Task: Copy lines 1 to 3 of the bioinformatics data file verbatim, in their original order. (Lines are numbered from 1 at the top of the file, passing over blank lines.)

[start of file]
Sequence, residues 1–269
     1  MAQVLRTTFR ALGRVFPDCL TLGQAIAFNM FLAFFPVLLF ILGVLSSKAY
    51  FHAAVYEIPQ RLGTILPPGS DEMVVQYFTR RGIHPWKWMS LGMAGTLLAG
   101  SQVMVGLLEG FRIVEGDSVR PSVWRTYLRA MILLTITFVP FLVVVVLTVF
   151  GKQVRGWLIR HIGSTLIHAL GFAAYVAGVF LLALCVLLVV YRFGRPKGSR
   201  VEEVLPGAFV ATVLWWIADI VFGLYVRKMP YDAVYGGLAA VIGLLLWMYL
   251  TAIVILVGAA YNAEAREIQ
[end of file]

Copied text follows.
Sequence, residues 1–269
     1  MAQVLRTTFR ALGRVFPDCL TLGQAIAFNM FLAFFPVLLF ILGVLSSKAY
    51  FHAAVYEIPQ RLGTILPPGS DEMVVQYFTR RGIHPWKWMS LGMAGTLLAG